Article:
Understanding the association of key lncRNAs with disease pathogenesis would help with disease diagnosis and prognosis. Emerging reports have demonstrated that the lncRNA HOTAIRM1-1 is an important lncRNA in several tissues and diseases, such as colorectal cancer and acute myeloid leukemia (20,21). Additionally, HOTAIRM1-1 is involved in the biological processes associated with OA (22). Presently, many studies on OA focus on cartilaginous tissues, since cartilage is a key component of joints. Therefore, cartilage damage is thought to be a landmark event during OA pathology progression (23,24). Some studies have reported that the proinflammatory cytokines IL-6 and IL-1β may play a significant role in the pathology of OA (25). IL-6 is a compound that is characterized by omnidirectional interactions in the processes that occur in the human body. IL-6 is considered a cytokine that strongly activates the immune system and enhances the inflammatory response, although considering some of its effects, IL-6 may be classified as an anti-inflammatory cytokine (26). The production of IL-6 in tissues of joints affected by OA usually occurs in response to IL-1β and tumor necrosis factor (TNF)α and IL-6 and is mainly produced by chondrocytes (27). A study by Zanotti and Canalis (27) showed that IL-6 mediates the induction of MMP13 expression through Notch and contributes to the inhibitory effect of Notch on the mRNA levels in cells of the chondrocyte lineage. Simsa-Maziel and Monsonego-Ornan (28) suggest that interleukin-1β promotes the proliferation and inhibits the differentiation of chondrocytes through a mechanism involving the downregulation of fibroblast growth factor receptor-3 and p21.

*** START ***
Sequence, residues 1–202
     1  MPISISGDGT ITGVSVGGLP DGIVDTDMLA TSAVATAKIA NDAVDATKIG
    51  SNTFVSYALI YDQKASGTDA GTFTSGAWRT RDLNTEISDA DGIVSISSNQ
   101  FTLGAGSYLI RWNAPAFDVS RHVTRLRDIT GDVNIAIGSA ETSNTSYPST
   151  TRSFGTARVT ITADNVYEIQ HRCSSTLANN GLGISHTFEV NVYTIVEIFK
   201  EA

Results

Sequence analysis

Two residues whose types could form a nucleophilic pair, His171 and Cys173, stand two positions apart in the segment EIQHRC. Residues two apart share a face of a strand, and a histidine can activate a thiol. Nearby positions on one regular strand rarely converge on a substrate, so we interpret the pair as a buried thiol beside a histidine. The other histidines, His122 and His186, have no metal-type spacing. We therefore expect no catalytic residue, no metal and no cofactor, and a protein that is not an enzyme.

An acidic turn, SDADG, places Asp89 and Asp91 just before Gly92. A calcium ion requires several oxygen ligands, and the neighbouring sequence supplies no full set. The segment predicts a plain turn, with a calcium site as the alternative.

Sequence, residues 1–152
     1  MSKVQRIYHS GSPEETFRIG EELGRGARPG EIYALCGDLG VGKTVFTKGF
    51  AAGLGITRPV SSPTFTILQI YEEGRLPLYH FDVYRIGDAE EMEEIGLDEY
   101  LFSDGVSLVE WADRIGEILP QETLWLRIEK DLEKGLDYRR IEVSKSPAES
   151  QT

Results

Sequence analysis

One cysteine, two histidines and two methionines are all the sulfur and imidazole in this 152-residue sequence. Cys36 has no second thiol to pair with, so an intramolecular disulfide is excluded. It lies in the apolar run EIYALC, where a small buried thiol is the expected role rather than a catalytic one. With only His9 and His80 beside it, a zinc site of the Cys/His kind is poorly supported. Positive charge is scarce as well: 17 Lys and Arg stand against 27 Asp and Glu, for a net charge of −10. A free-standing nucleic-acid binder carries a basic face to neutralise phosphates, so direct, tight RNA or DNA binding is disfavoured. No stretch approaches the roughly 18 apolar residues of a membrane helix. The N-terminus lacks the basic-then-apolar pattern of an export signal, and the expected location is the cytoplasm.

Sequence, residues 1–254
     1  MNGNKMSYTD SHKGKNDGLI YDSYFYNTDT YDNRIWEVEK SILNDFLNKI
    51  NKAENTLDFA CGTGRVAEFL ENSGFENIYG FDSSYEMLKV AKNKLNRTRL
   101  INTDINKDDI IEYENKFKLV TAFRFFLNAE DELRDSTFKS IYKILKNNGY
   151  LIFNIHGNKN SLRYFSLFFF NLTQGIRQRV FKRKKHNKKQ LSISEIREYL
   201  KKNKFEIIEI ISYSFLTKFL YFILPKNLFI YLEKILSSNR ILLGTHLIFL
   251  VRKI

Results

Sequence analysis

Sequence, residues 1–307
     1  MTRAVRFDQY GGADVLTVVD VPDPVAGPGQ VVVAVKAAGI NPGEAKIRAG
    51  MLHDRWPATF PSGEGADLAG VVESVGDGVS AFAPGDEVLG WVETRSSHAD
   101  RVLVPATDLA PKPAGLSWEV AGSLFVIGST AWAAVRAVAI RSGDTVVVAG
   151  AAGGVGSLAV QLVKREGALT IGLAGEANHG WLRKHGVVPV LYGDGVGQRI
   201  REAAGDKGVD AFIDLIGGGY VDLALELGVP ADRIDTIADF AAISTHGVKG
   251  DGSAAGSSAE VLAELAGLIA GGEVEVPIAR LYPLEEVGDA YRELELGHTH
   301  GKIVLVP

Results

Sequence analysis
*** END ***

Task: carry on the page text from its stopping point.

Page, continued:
In the present study, an in vitro model was established to mimic OA pathogenesis in chondrocytes. The results demonstrated that the inflammatory mediators IL-6 and IL-1β suppressed HOTAIRM1-1 expression in chondrocytes. In addition, the expression of miR-125b exhibited opposite changes, and its expression was increased after treatment with the inflammatory mediators (Fig. 1). Furthermore, the expression of HOTAIRM1-1 and miR-125b was investigated in cartilage samples from patients with OA and healthy subjects. It was found that the expression of HOTAIRM1-1 (downregulated) and miR-125b (upregulated) was inversely correlated in OA cartilage vs. healthy control cartilage (Fig. 2). The preliminary data suggest that miR-125b might stimulate the proliferation and apoptosis of chondrocytes through the development of osteoarthritis. In cells of the myeloid lineage, miR-125b represses interferon regulatory factor 4 and regulates inflammation by downregulating its direct target, TNFα (29). Nagpal et al (30) reported that miR-125b upregulation is critical for the TGF-β-induced fibroblast-to-myofibroblast transition, which implies a potential association between miR-125b and the TGF-β pathway. Zhen et al (31) demonstrated that inhibition of the TGF-β pathway in subchondral bone can attenuate OA progression. Moreover, in a bioinformatics study, the TNF signaling pathway was reported to be closely associated with HOX genes by interacting with HOX proteins (32). It was thus speculated that HOTAIRM1-1 and miR-125b physically interact with each other. The present study was performed to show an interaction between miR-125b and HOTAIRM1-1, and the results proved that HOTAIRM1-1 was a direct target of miR-125b (Fig. 3). Thus, HOTAIRM1-1 probably plays its role by directly targeting miR-125b, thus influencing chondrocytes in OA. As with many of the inflammatory cytokines whose levels increase with age, the precise consequences of dysregulated miR-125b expression on the functions of monocytes and naïve CD8 T cells, such as inflammatory states or altered migration, remain to be elucidated in OA.